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Ida Sports, co-founded by Laura Youngson to offer the best women’s soccer boots on the market, knows that all too well. That’s a good thing, too.

With the Women’s World Cup in Australia and New Zealand—another milestone in women’s football—coming closer, some stars don’t have the ideal product. Equally important is the lack of suitable cleats available to mainstream audiences. The label continues to offer subpar and unisex options in a year when interest in performing may peak again.

On the subject of mountaintops, Youngson’s vision for a better boot came to life in 2017 on the summit of Mount Kilimanjaro in Tanzania during a high-altitude football match on land at Equal Playing Field. Six years later, Ida is backed by Elysian Park Ventures (Todd Boehly and her Chelsea owner of the Los Angeles Dodgers and Premier League club), as well as Stadia Ventures and Billy Jean King Enterprises.

The next goal is to spread the name further so that it becomes a desirable option in a selection pool that includes heavyweights like Nike, Adidas and Puma.

“It’s fun to challenge brands because you know you’re a startup,” Youngson says via a Zoom link. “But at the same time, we also know that we are the team on the planet who know the most about women’s soccer spikes. I can.”

Regarding the current situation, she said: But for anything less than that, you’ll either have to get off-the-shelf products or buy products that aren’t really aimed at women.

“We know the bigger brands are looking at it and thinking about what to release for the World Cup. We probably won’t put all the technology and research into manufacturing and building a for women.”

Puma explains its stance: “We offer unisex and women-specific fits across all boot franchises (Future, Ultra, King). We’ve crafted a boot that’s built to fit, and it’s the first Puma soccer boot with a women’s specific fit coming out in 2021.”

According to an adidas statement, “Our female athletes demand the same level of uncompromising performance as their men’s footwear today, so we created football boots to meet the needs of all athletes and work with them extensively. We are currently focused on testing to identify at all levels and beyond gender.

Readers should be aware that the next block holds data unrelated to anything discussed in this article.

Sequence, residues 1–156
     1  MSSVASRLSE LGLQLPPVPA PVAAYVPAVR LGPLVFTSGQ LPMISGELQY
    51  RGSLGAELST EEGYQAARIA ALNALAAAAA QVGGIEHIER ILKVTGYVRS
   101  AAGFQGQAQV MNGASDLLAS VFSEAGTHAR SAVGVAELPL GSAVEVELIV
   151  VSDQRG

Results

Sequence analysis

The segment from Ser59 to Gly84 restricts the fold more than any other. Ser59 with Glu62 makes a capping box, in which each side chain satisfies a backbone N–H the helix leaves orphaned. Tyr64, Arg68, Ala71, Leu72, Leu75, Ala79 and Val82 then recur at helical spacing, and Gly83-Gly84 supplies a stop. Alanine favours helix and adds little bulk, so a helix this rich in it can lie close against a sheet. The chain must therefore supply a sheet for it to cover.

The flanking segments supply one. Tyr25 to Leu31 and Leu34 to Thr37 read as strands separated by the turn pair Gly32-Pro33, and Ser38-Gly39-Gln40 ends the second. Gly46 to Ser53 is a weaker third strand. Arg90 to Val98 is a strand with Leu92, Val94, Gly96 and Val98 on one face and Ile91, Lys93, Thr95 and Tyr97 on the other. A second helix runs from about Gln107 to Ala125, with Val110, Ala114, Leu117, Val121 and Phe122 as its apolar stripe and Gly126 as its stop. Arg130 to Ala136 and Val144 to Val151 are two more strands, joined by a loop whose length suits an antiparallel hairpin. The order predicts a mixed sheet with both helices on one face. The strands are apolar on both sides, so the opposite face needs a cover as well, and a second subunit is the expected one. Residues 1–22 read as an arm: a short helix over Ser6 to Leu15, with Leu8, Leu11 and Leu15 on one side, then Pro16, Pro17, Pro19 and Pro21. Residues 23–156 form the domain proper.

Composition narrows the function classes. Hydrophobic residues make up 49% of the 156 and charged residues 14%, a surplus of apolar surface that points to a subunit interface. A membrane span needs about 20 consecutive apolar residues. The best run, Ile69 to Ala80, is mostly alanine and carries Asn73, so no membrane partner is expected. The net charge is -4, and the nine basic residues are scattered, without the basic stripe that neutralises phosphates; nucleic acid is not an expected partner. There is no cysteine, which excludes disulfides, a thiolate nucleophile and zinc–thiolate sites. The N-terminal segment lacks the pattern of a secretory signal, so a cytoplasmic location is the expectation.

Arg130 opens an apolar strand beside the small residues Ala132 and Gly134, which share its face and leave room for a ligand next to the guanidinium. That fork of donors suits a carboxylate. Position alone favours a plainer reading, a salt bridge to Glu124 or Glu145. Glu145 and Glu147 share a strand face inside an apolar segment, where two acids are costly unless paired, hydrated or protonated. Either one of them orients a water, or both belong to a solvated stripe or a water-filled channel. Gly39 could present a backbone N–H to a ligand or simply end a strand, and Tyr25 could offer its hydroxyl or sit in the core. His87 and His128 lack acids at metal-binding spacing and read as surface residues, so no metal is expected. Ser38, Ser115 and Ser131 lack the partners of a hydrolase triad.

“Footwear’s history of innovation means we never stop and keep testing new concepts with a broader athlete base.”

Nike may have a new design in its pipeline, but has yet to reveal where it will be or what solutions it can offer. Strong traction means it is well-positioned to build partnerships with players and reach more customers around the world.

To make its voice heard, Ida Sports has begun its entry into grassroots football. And while they remain involved at all levels of the game, they are also looking to connect higher up the pyramid, with some players testing out the brand in England’s Women’s Super League.

Still, there are some obstacles. “For an elite player, it’s probably the agent who’s looking for the biggest, not the best, player,” he continues Youngson. “Not all agents. But there are some who don’t understand the sport very well and are trying to make money in women’s sports.

“I think women’s sports are kind of like the Wild West at the moment. can not.

“But there have been athletes who have had problems with their shoes in the past, and they know you care about your athletes and are more loyal to women, so when they want to work with you, they’re going to be competitive. can.”

Ida Sports, which sells its products in Australia, UK and US, has released several designs such as Centra, Classica, Rise and Spirit. We are constantly listening to feedback and developing our model and are eager to expand further into Europe where the interest and football pedigree in countries like Spain is high. Inquiries about their work are pouring in as they become more sophisticated.

As for the standard of the game, which is already very high in some European countries, the United States, Canada, Australia and Brazil, Youngson believes better conditions can give players a boost.

“I liken this to British cycling. The 1% increase in a lot of places add up. I think shoes are like that. If you don’t have to think about your footwear and you feel more comfortable, Wearing the right fit can reduce fatigue and reduce the risk of injury.

“We see great games like this, but players are already frustrated by the load and having to play a lot. ‘Look at that, can you imagine what would happen if we removed the shoes as one of the barriers?'”

Still, perhaps the key focus is to provide a manufacturer that represents everyone, regardless of standards.

“One of our missions is to transform the industry, so girls and women can see themselves when they walk into a sports store,” concludes Youngson.

With new heroes emerging this July and August and an unprecedented 32 teams from the Philippines to Zambia, now is the perfect time to do just that.

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